moneyWhen I chose to attend an expensive private college, my parents didn’t bat an eye.  Okay, maybe they did behind closed doors, but in front of me, they never complained, never argued with my decision, never made me feel guilty for choosing a school that cost far more than any of the state universities.

Not only that, but they helped me to pay for it.  Growing up, my dad set aside college money for me every year on my birthday.  (I remember while growing up thinking I’d so much rather have new toys than these mysterious dollars deposited into an account somewhere.)

I graduated with student loan debt– but not much.  I wasn’t saddled with a burden too big for me to bear.  In fact, I paid off my loans about three years after I graduated.

I’m blessed.  I know it.

And that’s the point: I am so grateful for this incredible gift, this huge sacrifice my parents made to help put me through school– not only school, but the school of my choice!  As a college recruiter, I so often see parents who refuse to help their children pay for a college degree.  For some of them, it’s not a choice: they simply cannot help.  There is no money available to help put their child through school.  But for others, it is a decision.  These parents believe that their child will not understand the value of an education unless they put themselves through school on their own.

It frustrates me.

Perhaps when I was 18 years old, I couldn’t understand this, having been so coddled and supported by my amazing parents.  But I certainly did at 21.  And more and more every year since then.  I never, ever take my college education or experience for granted, and I am so terribly grateful to my parents for their sacrifices.  (If you were to ask them, they would say, “It was no sacrifice.”  That’s the kind of people they are.)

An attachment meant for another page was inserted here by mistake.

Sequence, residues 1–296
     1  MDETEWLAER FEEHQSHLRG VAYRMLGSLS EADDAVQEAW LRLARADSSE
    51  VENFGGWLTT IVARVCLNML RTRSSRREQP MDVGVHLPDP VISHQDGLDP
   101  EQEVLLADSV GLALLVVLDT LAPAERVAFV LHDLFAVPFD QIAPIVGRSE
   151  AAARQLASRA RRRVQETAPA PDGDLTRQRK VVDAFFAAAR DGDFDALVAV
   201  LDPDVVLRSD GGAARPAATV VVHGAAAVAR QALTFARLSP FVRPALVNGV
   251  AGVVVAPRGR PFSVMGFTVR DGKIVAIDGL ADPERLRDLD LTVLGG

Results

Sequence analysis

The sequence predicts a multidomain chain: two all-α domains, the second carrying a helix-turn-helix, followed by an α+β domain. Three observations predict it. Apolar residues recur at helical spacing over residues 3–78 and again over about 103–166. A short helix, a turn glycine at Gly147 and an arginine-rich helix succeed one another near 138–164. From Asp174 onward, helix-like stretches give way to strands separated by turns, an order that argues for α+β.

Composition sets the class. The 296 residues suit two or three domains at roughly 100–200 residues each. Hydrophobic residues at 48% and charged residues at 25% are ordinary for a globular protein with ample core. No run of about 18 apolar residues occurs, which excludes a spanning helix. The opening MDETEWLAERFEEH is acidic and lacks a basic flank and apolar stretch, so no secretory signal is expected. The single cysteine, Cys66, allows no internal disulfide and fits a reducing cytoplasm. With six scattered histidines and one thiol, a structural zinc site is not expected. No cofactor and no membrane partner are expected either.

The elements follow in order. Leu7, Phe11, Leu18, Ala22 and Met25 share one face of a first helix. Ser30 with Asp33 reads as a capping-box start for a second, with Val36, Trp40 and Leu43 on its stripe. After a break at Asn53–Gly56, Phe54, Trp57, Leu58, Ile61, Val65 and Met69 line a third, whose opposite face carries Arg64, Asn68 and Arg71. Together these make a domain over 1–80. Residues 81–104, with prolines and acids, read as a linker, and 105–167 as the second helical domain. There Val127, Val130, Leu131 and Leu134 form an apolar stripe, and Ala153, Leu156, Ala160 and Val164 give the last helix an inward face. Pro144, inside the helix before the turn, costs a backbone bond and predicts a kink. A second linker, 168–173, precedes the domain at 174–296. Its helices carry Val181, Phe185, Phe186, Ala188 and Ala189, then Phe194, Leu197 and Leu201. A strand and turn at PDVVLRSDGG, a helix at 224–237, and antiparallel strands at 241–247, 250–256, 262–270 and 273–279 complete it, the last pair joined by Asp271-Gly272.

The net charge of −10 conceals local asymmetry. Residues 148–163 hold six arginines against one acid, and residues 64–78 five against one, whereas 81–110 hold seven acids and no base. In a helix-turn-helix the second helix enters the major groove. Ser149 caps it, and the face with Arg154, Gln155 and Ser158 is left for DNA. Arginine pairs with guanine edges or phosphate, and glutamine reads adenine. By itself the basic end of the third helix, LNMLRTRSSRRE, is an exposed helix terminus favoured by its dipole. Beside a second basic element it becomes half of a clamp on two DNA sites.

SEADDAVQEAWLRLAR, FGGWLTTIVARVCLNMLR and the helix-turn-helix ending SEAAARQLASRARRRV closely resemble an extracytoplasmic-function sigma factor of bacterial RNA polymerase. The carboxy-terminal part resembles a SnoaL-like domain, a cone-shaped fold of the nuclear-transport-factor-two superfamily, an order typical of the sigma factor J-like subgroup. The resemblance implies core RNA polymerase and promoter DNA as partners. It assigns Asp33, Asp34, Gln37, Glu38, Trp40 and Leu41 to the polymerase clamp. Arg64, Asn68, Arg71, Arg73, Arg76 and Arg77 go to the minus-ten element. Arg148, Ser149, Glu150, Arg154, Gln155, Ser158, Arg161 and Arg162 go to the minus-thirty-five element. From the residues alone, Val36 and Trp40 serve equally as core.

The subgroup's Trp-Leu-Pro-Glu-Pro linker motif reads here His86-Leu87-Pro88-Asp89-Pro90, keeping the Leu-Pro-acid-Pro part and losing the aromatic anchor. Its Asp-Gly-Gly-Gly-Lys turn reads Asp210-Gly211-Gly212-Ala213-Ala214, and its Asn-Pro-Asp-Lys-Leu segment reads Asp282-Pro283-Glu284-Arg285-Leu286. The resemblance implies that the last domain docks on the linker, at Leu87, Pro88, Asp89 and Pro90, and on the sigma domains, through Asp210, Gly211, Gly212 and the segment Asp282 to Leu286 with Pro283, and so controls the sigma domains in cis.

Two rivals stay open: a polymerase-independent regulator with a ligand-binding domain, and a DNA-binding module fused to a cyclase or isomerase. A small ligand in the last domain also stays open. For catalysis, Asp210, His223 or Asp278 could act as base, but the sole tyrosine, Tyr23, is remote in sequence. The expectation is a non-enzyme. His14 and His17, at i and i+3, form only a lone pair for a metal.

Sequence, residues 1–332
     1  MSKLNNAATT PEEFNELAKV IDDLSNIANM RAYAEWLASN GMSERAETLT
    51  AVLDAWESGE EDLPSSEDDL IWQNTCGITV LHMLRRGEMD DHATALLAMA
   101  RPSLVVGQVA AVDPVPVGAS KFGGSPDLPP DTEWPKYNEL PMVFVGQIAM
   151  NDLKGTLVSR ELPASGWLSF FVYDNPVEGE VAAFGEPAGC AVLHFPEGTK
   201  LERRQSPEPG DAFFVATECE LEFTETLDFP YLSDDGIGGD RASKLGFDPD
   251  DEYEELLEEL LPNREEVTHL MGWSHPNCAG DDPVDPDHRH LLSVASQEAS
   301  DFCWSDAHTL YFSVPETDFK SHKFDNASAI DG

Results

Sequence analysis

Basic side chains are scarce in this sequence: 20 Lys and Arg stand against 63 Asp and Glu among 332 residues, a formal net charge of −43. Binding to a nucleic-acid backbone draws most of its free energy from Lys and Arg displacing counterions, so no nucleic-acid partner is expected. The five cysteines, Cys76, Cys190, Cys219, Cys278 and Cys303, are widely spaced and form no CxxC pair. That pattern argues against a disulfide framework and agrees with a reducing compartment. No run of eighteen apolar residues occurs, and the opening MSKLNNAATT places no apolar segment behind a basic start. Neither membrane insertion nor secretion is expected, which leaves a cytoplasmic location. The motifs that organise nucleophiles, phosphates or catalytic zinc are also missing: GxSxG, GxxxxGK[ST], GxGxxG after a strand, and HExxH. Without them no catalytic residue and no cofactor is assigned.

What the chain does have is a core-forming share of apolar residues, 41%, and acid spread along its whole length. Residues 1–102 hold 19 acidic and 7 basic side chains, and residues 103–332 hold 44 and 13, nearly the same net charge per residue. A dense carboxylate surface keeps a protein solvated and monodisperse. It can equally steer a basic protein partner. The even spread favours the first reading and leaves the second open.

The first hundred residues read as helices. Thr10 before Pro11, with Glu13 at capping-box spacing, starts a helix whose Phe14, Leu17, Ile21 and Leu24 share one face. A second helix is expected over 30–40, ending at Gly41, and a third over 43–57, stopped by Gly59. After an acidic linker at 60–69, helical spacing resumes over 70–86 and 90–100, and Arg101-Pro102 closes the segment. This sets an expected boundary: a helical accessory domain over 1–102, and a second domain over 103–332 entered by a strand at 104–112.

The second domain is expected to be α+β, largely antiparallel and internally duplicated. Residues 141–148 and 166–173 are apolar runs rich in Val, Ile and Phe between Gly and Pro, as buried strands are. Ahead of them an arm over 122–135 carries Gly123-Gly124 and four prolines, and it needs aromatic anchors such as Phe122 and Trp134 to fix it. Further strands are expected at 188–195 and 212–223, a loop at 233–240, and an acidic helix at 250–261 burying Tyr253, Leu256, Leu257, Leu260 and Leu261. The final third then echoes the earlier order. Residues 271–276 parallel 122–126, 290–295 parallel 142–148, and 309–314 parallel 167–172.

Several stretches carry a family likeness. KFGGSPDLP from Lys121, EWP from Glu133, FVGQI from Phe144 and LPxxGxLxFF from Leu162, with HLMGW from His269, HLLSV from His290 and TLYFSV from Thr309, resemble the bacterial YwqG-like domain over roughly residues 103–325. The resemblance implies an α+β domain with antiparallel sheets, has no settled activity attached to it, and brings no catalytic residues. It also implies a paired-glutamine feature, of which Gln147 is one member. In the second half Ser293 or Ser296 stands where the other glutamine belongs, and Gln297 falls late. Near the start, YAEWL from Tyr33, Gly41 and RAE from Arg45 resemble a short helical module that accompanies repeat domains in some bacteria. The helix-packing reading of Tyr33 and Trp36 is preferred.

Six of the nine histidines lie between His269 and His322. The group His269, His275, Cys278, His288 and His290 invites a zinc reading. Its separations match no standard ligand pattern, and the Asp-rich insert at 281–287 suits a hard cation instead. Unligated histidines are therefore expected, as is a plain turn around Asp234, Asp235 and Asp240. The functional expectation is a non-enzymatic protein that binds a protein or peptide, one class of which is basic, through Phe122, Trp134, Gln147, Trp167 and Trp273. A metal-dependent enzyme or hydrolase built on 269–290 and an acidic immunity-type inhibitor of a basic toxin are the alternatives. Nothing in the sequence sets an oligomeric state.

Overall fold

In the US, the family is expected to assist the student in paying for an education.  Even the terminology of the index number the FAFSA is coming up with shows this: it is calculating an expected family contribution (EFC).  I’m not sure when it became popular for parents to ask their children to tackle the cost of college on their own, but it frustrates me when families say that students won’t understand the value of an education unless they foot the bill.

That simply isn’t true in my case.

There are a about a million caveats to every side of the debate, I know.  But I just wanted to throw my thoughts out on the table.

And, Mom and Dad?  Thank you from the bottom of my heart for never making me feel guilty for choosing Northwestern.  Thank you for the years of hard work and saving.  These things, more than anything else, showed me the value of an education.

Love you.

Image credit: Pixabay

OCD in Remission: Eyes on OCD or Eyes on the Journey?

I recently received a fascinating email from a young woman with obsessive-compulsive disorder, who posed a question that made me stop and think.

I would love it if you could offer me your take on this: is it better to keep my eyes on my feet (IE journey), or is it a good idea to keep an eye on my OCD?

Essentially, she was asking if it was smarter to keep an eye on the illness (knowing that OCD is never cured, only managed) or if it was better to ignore OCD while she could and just enjoy the journey.

periphery2Here’s what I said:

Such a good, thought-provoking question.  I imagine that the answer might be different from person to person, but as for me, I think the answer is a little bit of both.
My OCD has been in remission since ERP five years ago.  These days, I don’t pay a terrible amount of attention to my OCD because it’s no longer intruding on my life on a regular basis.  That said, if I have an off day, OCD is the first thing I “check”– did I take my meds, am I having intrusive thoughts and need to practice some exposures again, etc.?
I think it’s BEST to keep your eyes on the journey.  But you still have peripheral vision. 🙂

For more about the ERP therapy that set me free, go to

Image credit: toxicbarbie13

No Fear, Just Love

Loved these thoughts from my friend Anna!

writing Young Adult fiction

snow My alley. Hope the plow comes soon!

I’m 100% snowed in which is perhaps a good thing since I have 40 pages of my novel due on Sunday, and I realized yesterday that I’m short one book somehow (I have to read 13 by Sunday. I only read 12).

But the miracle is that I actually have 40 pages to revise. I pounded those out over the last two weeks. And I owe it to Gracie Gold and her couch, Frank Carroll.

Gold wasn’t even in contention until six months ago when she started working with Carroll and let go of her fear of being imperfect. During an interview, she said that Carroll has been teaching her to skate like you love to skate.